|Featherstone shown within Northumberland|
|OS grid reference|
|Sovereign state||United Kingdom|
|EU Parliament||North East England|
Featherstone was one of the castles defending the Tyne Gap. The castle, nestling beside the South Tyne as it turns up to its sources by Cross Fell, has been so rebuilt and re-used that it is hard to appreciate its military significance.
The legends and tales of the great pile of Featherstone are horrifying, as in one case they are founded on fact. Featherstone today is one of the most impressive castles in Northumberland. Its setting, close to the ford across the Tyne which it guarded, is encircled by the steep hills which rise from the river, and the bastion of Tynedale Fell. Sometime before the year 1200 there was a castle at Featherstone. There is mention of a Featherstonehaugh living there in 1212. In all its long history, only five families have lived and owned the castle of the Featherstonehaughs, the original owners, who lost their estates in the English Civil War, when like many Northumbrians they supported the cause of Charles I. Parliament sold the estates to the Earl of Carlisle, but, in 1711, a Featherstonehaugh who was mayor of Newcastle bought the estate of his ancestors. His son however, when he inherited an estate in Sussex, sold it to James Wallace, who eventually by marriage became a Hope-Wallace, and the Featherstone estate remained in the possession of the family until it became a school during the Second World War. It is now owned by Colonel John Clark, who has a long family connection with the district.
The "L"-shaped tower dates from 1330, and although extensive alterations were carried out during the ownership of the Hope-Wallace family, much that is old remains. There are a twelfth-century doorway "and thirteenth-century buttresses, which are part of the old "Hall house", and also a Jacobean postern door in a wonderful state of preservation. Some of the masonry bears Scottish craftsmen's marks. In the sixteenth century, Richard Featherstonehaugh was a chaplain to Catherine of Aragon and, because of his loyalty to this first wife of Henry VIII, he was executed. Although the family of Ridley were no doubt involved in the murder of Sir Albany Featherstonehaugh, and "took his life by the Deadmanshaw", the verse of poetry from "Marmion" is not genuine.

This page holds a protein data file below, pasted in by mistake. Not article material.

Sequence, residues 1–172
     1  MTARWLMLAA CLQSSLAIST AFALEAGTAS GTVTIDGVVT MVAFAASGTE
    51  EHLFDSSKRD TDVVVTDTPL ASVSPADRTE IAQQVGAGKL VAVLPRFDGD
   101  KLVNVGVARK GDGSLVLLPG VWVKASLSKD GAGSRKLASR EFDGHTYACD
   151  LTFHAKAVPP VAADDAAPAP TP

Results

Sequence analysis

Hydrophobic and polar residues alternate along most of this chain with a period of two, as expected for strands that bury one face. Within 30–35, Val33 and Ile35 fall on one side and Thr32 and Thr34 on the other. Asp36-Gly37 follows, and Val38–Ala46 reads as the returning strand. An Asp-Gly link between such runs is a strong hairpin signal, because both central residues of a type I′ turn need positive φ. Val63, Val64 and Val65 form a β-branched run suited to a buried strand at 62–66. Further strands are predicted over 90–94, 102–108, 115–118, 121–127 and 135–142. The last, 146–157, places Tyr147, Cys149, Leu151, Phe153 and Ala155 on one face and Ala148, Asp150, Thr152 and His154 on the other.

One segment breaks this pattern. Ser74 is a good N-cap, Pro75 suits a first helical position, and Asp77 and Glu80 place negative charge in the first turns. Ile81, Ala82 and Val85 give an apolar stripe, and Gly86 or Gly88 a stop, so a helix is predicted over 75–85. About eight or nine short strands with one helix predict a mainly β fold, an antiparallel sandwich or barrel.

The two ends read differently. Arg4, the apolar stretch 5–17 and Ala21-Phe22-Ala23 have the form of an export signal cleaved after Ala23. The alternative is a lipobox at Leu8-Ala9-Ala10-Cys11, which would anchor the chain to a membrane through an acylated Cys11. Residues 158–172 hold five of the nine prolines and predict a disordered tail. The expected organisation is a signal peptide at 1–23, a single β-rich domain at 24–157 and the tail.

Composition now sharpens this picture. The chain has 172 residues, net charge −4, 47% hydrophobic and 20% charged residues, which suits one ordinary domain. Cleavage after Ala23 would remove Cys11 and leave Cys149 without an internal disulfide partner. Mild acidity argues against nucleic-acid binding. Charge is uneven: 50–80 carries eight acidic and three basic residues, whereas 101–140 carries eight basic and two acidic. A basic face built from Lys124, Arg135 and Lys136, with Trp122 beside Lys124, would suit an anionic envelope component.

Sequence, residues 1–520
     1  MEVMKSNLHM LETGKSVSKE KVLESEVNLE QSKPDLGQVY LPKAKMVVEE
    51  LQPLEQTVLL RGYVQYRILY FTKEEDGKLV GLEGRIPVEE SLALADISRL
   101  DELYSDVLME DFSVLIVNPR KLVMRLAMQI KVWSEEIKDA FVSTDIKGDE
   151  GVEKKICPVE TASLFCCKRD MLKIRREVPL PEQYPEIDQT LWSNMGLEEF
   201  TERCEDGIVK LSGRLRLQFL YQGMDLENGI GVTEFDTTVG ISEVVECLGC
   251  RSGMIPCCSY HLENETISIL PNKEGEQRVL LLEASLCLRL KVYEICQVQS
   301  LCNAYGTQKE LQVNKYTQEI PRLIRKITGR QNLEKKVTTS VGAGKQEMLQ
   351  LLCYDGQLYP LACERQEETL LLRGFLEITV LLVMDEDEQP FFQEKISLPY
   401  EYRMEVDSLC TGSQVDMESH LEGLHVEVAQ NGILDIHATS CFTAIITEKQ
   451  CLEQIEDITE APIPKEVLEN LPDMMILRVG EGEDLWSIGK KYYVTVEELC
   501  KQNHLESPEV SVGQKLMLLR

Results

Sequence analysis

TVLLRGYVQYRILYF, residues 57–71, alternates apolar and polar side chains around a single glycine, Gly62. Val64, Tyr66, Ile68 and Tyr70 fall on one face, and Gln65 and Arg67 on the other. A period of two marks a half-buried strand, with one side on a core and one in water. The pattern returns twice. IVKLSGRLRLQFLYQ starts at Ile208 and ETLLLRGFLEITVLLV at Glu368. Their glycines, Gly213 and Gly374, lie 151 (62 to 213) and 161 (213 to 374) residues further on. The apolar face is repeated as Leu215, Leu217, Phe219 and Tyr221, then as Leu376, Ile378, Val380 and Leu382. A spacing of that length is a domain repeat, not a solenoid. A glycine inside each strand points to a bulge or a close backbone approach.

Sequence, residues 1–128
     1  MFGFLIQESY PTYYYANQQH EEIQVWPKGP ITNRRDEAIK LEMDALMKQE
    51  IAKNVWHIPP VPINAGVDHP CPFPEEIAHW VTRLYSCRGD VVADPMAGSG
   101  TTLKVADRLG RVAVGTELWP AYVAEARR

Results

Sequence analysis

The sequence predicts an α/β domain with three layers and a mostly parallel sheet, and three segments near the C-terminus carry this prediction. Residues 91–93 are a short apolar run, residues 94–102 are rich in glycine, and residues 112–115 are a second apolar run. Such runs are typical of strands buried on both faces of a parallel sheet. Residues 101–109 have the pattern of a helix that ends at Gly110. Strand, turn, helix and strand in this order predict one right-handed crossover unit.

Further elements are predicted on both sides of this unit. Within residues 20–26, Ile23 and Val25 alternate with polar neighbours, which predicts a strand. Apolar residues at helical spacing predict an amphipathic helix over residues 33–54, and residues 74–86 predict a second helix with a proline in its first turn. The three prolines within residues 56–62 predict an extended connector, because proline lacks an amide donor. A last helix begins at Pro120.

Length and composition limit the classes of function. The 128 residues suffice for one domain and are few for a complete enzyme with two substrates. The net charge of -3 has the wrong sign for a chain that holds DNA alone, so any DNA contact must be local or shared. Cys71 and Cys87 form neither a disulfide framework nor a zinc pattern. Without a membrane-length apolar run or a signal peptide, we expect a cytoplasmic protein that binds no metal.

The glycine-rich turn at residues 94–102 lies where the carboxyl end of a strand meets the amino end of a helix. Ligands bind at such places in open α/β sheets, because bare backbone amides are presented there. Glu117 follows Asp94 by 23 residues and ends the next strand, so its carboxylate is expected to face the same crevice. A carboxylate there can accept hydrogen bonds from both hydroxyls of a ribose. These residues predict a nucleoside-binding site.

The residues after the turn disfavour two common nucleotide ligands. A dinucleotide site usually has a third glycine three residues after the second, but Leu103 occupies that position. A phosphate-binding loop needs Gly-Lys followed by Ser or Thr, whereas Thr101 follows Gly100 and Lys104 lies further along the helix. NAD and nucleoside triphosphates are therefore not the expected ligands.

- Hoot awa' lads, hoot awa'.
- Hae ye heard how the Ridleys and Thirlwalls and a'
- Ha' set upon Albany Featherstonehaugh.
- And taken his life at the Deadmanshaw?
- There was Willimoteswick,
- And Hardriding Dick,
- And Hughie o' Hawden and Will o' the Wa'
- I canno' tell a', I canna' tell a',
- And mony a mair that the Deil may knaw.
- Sir Walter Scott, MARMION
Surtees composed the lines but persuaded Sir Walter Scott that it was a traditional ballad handed down through the generations. Scott accepted the verse as genuine and by now many people have come to believe that it is! Another dark chapter in the history of the Ridleys is connected with the family of Featherstonehaugh, and has become one of the best known legends. In Pinkingscleugh, where at one time dwelt a witch named Beardie Grey, who disappeared one stormy night after making the usual blood-thirsty prophecies, there can be seen at midnight a ghostly wedding party who were "set upon" by the Ridleys of Hardriding near Bardon Mill. The old house at Hardriding is still occupied, and there long ago a Hugh Ridley lived who was in love with the heiress of Feather-stone Castle. The heiress's father had other ideas about a bridegroom for his daughter, and the girl, whose name was Abigal, was married, on her part most reluctantly, to a distant cousin. The Ridleys no doubt knew what was taking place in the little chapel at Featherstone, and they waited until the bridal party went on a hunting expedition as part of the celebrations. In the dark glen of Pinkingscleugh, the Ridley clan waited until the bridal party appeared. The intention was to carry off the bride to Hardriding but, like most of the plans of those days, everything went wrong, and the unfortunate bride, who threw herself between her bridegroom and her lover, was killed and Hugh Ridley, realizing what had happened, according to the story, "put an end to his existence".